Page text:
git add SampleText.ps1

3. Next, commit or save all tracked files in the Git repo with the git commit command. Be sure to also include an explanation of what has changed (commit message) with the -m parameter.

git commit -m "modified sampletext file"
Committing changes
Committing changes

4. Now that the local Git repo contains the changed file, push that change up to the GitHub repo with the git push command. You should receive a box asking you to to provide your GitHub username and password to authenticate to your forked GitHub repo.

git push

5. Once you’ve provided your GitHub username and password, you should then see Git provide some status information like below.

Pushing Git commits
Pushing Git commits

Submitting a Pull Request

At this point, you now have a copy of the GitHub repo you’d like to contribute to (forked) in your own GitHub account with the change you’d like to request to the owner GitHub repo. It’s now time to submit a pull request to ask the owner to accept your change.

1. Navigate to your forked repo on GitHub.

2. Click on Pull Requests and the New pull request as shown below.

Creating a pull request
Creating a pull request

3. On the pull request page, you’ll see the two repos that will be compared and each commit you’re requesting to merge into the owner’s GitHub repo. Click on Create pull request.

Creating a GitHub pull request
Creating a GitHub pull request

4. Provide a title for the pull request and click on Create pull request.

Opening a Git pull request
Opening a Git pull request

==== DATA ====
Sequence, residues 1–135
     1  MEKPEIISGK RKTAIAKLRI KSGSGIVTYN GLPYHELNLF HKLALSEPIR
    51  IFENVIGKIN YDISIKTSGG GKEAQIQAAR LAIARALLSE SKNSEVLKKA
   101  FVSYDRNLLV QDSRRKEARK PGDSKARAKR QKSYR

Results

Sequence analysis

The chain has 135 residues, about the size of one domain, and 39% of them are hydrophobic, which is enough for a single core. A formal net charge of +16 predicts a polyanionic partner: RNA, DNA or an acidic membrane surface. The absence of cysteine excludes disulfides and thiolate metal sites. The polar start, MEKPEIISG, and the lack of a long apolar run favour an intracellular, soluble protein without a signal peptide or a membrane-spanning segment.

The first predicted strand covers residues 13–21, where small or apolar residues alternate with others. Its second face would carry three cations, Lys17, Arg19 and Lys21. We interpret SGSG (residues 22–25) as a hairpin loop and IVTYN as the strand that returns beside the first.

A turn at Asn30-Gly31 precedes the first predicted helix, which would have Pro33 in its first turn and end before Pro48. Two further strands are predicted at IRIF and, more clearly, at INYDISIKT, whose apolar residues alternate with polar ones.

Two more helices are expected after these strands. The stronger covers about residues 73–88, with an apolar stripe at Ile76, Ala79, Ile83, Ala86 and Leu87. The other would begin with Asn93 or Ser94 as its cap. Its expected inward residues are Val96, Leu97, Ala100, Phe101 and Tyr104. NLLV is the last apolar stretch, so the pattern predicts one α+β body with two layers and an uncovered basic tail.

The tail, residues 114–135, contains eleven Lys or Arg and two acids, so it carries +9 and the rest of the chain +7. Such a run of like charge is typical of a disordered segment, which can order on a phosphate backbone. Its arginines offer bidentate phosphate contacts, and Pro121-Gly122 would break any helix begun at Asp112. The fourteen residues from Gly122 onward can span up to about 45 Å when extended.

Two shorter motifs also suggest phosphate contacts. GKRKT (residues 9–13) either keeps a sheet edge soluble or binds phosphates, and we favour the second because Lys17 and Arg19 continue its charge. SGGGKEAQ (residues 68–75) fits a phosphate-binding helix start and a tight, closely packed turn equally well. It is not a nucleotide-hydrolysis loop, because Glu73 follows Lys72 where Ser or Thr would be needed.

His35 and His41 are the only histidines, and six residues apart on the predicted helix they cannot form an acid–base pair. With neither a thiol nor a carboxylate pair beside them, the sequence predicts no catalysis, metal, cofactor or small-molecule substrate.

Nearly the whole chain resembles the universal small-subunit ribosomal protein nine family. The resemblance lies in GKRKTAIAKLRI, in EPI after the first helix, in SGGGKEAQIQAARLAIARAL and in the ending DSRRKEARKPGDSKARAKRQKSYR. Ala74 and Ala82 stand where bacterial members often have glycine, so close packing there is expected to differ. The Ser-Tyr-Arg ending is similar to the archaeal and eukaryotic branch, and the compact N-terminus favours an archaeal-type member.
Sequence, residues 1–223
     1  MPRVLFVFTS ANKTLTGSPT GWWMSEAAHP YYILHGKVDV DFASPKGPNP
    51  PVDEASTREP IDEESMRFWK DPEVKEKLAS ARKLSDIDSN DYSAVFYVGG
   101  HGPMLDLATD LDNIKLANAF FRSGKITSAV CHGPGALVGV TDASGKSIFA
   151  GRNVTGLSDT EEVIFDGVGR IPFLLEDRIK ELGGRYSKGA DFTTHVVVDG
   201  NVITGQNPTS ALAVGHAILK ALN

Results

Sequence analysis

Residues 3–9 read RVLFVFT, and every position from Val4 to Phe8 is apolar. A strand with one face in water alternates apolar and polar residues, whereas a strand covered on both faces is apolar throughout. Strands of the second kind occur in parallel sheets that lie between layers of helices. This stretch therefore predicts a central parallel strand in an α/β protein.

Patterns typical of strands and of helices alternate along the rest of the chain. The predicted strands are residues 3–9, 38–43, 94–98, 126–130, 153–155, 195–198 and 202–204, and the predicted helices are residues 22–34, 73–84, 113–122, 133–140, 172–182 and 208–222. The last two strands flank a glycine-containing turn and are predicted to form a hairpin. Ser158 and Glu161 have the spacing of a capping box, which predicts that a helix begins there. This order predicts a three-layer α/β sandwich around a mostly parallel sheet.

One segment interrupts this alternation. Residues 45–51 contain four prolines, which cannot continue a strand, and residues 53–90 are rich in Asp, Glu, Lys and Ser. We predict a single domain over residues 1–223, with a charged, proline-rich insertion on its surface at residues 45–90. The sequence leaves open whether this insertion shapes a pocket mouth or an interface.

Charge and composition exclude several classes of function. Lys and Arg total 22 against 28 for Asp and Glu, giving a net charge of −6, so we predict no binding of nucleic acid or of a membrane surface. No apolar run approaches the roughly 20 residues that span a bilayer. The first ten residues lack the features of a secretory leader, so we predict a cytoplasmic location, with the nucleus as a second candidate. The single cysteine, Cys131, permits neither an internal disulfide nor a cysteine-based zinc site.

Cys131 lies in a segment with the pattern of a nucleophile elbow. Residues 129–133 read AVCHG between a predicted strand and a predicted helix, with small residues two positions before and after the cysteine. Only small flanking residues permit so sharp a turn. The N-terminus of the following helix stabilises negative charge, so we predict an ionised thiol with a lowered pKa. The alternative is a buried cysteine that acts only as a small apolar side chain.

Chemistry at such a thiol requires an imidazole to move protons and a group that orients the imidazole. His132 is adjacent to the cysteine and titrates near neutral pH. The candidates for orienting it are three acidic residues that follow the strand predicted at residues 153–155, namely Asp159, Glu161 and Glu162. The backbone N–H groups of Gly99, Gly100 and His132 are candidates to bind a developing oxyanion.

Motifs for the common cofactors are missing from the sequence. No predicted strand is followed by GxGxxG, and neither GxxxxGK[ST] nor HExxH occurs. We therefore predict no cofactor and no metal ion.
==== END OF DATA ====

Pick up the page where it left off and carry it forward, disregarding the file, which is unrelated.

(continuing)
You will then see on the original GitHub repo, a pull request will show up. At this point, your job is done and it’s time to wait for the owner.

Reviewing and Accepting a Pull Request

As soon as you create a pull request, it will show up under Pull Request under the original GitHub repo as shown below.

Open pull request under the original GitHub repo
Open pull request under the original GitHub repo

At this point, the owner will now either provide comments to you where you can collaborate on the pull request. Or, they can simply merge it right away by clicking on Merge pull request.

Once they merge the pull request with the original code, the pull request will go into a Merged status and the code will be merged with the original repo!

Merged pull request
Merged pull request

Now, you can see that you are a contributor to the file you changed and was merged.

Contributor on changed file
Contributor on changed file

Conclusion

In this tutorial, you learned each step on how to create a Git pull request. Pull requests are a great way to collaborate on GitHub repos.

Now that you know how to contribute to GitHub projects, what will be your next repo you contribute to?